Log In

Reset Password

Staff mutiny warning over proposed Director of Parks, court hears

The Public Service Commission rejected the recommended candidate for the Director of Parks post after staff threatened to walk off the job, the Supreme Court heard.

Terry Lynn Thompson launched legal action against the PSC after she was passed over for the position.

But on Friday the court heard that unionised staff said her management style was “disrespectful” and “condescending”.

Richard Horseman, who appeared for the PSC, said once Randy Rochester, the Permanent Secretary, withdrew his recommendation, the PSC had to do the same.

He said: “It’s the PS, under the regulations, that makes the recommendation to the PSC. The PSC was faced with a position where the PS has withdrawn that recommendation.

“At that point, the PSC felt it had no alternative but accept that, particularly in light of everything that had gone on.”

Ms Thompson applied for the post of director in 2018 after she had been in the role in an acting capacity for almost a year.

She argued that she should have been appointed to the permanent post as she was “universally recommended” by an interview panel, but the PSC decided to defer the decision until she had spent six months acting in the position.

But the PSC withdrew its recommendation before the six-month period had started.

Ms Thompson said the PSC had acted irrationally and failed to give her an opportunity to respond to complaints.

But Mr Horseman said the PSC had acted properly and made efforts to give Mr Thompson chances to address concerns over her management style.

He said that the body had recommended she serve as acting director for six months.

He said: “They were not satisfied at that time, due not just to the previous feedback they had, but discussions with Permanent Secretary Christopher Farrow about her managerial style.

“It was entirely within their rights and within their power to say they were not prepared at that particular point to appoint her, but that they did want to give her a chance and give her an opportunity.”

Mr Horseman said a development plan was drawn up to help address the worries about Ms Thompson’s management style, but the PSC received a letter in September which warned that staff were opposed to her appointment.

He said workers complained of unprofessional behaviour towards staff and that Ms Thompson was disrespectful, condescending, bullying and unwilling to listen.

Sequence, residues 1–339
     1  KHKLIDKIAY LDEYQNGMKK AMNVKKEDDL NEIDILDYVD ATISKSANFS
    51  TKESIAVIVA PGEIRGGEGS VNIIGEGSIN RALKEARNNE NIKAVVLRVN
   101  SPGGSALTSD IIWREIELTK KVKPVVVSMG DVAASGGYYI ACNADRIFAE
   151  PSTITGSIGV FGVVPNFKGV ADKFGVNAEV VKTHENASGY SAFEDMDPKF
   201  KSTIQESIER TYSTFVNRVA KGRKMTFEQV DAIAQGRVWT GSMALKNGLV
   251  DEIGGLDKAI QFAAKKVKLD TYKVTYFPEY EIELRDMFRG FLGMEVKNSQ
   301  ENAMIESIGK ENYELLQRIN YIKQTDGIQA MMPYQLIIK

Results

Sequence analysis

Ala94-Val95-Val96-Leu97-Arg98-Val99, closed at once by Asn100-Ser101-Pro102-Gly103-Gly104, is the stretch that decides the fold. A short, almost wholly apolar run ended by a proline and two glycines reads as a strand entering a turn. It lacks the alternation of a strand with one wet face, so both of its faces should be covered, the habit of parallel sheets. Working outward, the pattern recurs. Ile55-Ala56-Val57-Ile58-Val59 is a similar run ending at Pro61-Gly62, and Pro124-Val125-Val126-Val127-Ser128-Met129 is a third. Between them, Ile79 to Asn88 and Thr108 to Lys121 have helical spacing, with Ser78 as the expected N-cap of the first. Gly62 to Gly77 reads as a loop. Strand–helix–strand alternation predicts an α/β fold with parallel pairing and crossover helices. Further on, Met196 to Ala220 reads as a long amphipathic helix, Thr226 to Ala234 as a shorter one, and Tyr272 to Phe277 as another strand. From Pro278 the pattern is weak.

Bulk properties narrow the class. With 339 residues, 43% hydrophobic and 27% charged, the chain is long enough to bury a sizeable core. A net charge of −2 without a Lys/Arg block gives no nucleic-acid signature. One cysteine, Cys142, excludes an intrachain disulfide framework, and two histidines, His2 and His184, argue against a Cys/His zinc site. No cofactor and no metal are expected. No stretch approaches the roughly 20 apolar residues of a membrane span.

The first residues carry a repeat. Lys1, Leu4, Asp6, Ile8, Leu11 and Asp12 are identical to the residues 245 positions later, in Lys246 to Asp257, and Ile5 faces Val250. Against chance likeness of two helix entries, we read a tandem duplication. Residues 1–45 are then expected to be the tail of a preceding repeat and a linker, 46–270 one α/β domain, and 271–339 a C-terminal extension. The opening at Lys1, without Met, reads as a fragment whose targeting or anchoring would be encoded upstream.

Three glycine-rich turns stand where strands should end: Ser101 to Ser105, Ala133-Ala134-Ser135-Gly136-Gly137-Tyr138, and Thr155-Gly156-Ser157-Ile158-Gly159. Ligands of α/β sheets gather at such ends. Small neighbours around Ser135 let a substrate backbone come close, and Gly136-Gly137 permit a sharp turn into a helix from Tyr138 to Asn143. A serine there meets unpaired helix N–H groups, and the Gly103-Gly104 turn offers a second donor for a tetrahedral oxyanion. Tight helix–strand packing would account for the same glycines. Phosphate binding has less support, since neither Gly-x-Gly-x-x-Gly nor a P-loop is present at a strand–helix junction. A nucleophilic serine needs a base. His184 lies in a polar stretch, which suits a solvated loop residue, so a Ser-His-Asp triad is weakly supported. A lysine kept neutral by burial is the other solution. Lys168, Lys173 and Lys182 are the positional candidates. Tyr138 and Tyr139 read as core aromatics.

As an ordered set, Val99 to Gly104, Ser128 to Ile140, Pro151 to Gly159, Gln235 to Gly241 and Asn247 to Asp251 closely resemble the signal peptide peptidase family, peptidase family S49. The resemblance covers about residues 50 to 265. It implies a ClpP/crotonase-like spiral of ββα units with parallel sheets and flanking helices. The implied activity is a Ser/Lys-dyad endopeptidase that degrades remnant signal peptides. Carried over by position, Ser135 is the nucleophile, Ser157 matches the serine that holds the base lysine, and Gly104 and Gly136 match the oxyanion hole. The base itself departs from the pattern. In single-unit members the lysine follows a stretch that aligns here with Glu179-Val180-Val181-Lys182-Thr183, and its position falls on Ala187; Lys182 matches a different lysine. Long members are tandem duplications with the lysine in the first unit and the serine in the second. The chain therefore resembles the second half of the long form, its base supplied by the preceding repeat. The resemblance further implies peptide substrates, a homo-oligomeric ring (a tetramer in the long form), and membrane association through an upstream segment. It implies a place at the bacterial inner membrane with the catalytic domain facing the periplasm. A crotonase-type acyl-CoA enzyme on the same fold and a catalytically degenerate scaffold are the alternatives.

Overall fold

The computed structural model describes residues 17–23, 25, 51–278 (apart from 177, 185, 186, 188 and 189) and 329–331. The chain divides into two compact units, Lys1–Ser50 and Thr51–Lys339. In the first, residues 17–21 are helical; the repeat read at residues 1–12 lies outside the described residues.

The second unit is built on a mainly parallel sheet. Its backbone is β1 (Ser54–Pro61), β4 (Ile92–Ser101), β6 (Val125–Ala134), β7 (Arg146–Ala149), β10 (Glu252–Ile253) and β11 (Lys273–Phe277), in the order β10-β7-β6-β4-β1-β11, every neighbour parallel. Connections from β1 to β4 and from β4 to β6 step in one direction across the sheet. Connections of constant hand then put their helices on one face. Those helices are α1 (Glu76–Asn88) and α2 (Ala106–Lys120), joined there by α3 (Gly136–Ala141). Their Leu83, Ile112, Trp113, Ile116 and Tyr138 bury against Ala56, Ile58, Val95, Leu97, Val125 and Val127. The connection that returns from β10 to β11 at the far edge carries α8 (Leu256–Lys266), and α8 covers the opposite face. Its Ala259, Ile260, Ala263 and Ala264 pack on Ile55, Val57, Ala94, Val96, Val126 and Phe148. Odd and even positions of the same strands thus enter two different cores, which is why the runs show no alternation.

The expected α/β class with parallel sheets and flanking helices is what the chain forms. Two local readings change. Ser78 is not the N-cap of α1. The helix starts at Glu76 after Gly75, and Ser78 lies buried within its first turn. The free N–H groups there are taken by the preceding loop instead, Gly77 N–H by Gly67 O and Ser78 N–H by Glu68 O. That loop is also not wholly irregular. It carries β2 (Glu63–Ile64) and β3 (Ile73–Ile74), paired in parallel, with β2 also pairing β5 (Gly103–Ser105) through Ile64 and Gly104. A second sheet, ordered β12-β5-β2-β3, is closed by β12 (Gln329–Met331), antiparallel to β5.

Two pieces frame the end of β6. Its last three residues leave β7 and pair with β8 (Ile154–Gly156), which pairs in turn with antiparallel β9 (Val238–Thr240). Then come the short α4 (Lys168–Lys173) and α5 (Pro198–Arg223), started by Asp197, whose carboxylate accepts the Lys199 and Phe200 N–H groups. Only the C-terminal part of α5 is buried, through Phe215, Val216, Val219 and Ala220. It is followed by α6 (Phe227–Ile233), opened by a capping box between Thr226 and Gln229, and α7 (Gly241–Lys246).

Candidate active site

The letter said unionised staff from the Bermuda Industrial Union and Bermuda Public Services Union were asked to give her a chance, but the unions responded that she had been given enough chances.

Mr Horseman said: “The PSC didn’t give up the ship. They said no, lets keep on track and give Ms Thompson a chance to go through this development plan.”

He said that when Randy Rochester became the PS for the department he attempted to act on the PSC’s recommendation, but was told by staff that Ms Thompson’s appointment would lead to a staff walkout.

Mr Rochester said in an affidavit that he met union representatives and was “vehemently reminded” of the concerns about Ms Thompson.

Mr Rochester wrote: “I was reminded of the consequences if she was appointed to the post, which in no uncertain terms would mean a walkout of the staff at the department.

“It was a result of these concerns expressed by staff regarding Ms Thompson being appointed that I determined this was an obstacle I could not overcome.

“I was not about to expose the Governor of Bermuda to potential labour withdrawal.”

Mr Horseman said Mr Rochester withdrew his recommendation because the appointment of Ms Thompson was contentious and the PSC felt it had no alternative but to follow suit.

Mark Diel, the counsel for Ms Thompson, said the PSC had breached its duty by failing to make a recommendation to the Governor.

But Mr Horseman said the rule did not apply to the appointment of acting posts.

He said: “The Governor has delegated that power to the head of the civil service. This was a power exercised.

“There was nothing unlawful or ultra vires about it.”

Mr Horseman added that there was no legitimate expectation that Ms Thompson would be appointed as director because the concerns about her management style – and the need for a development plan – were clearly conveyed.

Puisne Judge Shade Subair Williams said she would issue her findings at a later date.

It is The Royal Gazette’s policy not to allow comments on stories regarding court cases. As we are legally liable for any slanderous or defamatory comments made on our website, this move is for our protection as well as that of our readers.